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Sunday, June 20, 2021

Why are you afraid? Have you still no faith?


A Sermon preached at 
St. Paul's Episcopal Church, Georgetown, DE
and on Facebook live broadcast Sirach 26:10
June 20, 2021 


So, at the risk of sounding like a total nerd, I just have to say – without even the slightest attempt to hide my enthusiasm and excitement – that the readings for today are precisely why I chose to follow Track I of the Revised Common Lectionary.


I’ll get to the gospel in a minute but, oh, can you just stand the excitement of the story in the first lesson from Hebrew Scripture? Whether you’ve been aware of it or not, we’ve been building up to this encounter between David and Goliath for weeks now.


That’s the beauty of Track I. Major narratives and themes from Hebrew Scripture are provided in a continuous reading, not necessarily related to the Christian readings, but encourage familiarity with the Hebrew Scriptures on their own terms.

Here’s the thing: I think we forget the stories of our faith at our own peril – at the diminution of our faith.

There’s probably not a person in church this morning who doesn’t know the story – at least in broad terms – of David and Goliath. We either learned it in a Sunday school classroom long ago or saw it in a movie or heard secular references to it when the mighty are brought down by those considered small and weak.


To only know this part of the story, however, without what has led up to it is to miss the real importance of the story and how it informs our understanding of the gospel lesson we heard this morning about Jesus calming the storm. We also miss, as well, how it is that God has always acted to raise up the meek and lowly to give us a glimmer of the Realm of God.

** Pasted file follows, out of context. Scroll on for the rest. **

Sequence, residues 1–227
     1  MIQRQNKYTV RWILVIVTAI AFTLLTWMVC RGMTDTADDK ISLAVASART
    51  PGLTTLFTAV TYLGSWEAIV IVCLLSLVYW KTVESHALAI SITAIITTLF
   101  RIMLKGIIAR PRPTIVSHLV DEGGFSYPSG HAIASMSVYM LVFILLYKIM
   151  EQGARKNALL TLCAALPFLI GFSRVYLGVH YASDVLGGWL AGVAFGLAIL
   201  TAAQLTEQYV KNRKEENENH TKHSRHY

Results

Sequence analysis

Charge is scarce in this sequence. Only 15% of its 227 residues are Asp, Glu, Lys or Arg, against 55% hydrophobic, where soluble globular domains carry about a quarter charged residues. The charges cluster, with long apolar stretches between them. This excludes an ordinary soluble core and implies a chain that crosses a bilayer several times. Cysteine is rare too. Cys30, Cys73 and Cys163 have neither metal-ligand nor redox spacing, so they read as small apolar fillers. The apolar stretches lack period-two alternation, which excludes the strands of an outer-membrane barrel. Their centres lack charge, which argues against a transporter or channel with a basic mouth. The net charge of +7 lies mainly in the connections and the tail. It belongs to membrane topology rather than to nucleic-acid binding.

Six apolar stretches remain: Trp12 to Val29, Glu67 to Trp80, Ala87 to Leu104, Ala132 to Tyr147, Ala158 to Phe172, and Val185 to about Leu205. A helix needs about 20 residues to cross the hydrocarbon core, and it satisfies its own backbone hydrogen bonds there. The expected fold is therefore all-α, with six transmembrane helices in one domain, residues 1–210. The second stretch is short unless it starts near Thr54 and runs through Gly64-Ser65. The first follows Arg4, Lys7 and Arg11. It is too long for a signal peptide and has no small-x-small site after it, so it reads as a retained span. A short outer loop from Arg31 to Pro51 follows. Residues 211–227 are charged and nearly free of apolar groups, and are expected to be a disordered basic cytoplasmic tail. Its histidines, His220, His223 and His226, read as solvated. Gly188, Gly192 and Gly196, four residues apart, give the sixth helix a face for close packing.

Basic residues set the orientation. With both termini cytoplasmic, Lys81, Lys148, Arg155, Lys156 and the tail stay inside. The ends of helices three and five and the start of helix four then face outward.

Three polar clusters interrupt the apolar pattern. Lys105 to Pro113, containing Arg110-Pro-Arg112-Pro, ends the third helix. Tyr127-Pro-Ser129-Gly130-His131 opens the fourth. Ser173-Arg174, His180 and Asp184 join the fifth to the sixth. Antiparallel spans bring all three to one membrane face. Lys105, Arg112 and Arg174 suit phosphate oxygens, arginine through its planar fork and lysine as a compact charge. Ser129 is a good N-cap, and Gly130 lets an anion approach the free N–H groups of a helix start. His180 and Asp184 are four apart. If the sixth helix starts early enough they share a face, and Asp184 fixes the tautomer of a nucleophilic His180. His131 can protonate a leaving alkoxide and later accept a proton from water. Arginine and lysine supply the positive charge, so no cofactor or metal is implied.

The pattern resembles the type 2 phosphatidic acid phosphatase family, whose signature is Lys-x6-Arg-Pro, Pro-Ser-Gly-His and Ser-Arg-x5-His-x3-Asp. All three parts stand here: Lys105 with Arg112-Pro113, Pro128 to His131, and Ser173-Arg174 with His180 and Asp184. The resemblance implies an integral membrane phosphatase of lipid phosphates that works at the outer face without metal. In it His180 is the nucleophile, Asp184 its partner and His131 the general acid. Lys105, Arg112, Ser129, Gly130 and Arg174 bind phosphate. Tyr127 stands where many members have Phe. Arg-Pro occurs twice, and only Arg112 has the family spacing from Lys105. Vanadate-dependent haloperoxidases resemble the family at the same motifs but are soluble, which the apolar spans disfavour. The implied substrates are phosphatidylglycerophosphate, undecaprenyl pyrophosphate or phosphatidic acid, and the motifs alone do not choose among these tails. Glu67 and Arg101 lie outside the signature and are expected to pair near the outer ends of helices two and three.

So, let’s go back to a few weeks ago, to the first book of Samuel, when we heard that the elders came to Samuel at Ramah and told him that none of his sons had leadership qualities so they wanted Samuel to appoint a king for them; they wanted a king just like everyone else.

Samuel prayed to God and God said to Samuel, “Listen to them. They have not rejected you; they have rejected ME as king over them. So, let them have their own king and let’s see how they like it.”


Samuel tried to warn them of what it would be like to have a king – sort of “be very careful for what you pray for because you might get it and then what will you do?” – but the people persisted and they appointed Saul as their king.


Last week, we heard how God sent Samuel from his home in Ramah to Bethlehem, to chose a successor to Saul among the sons of Jesse. Seven of the sons of Jesse passed before Samuel but God gave no indicated to him of God’s favor.


Samuel then asked Jesse if had any other sons and Jesse called for his youngest son, David, who had been out tending sheep. When David appeared before Samuel, he anointed him with oil in the presence of his father and brothers and the spirit of God came upon him and was with him from that day forward.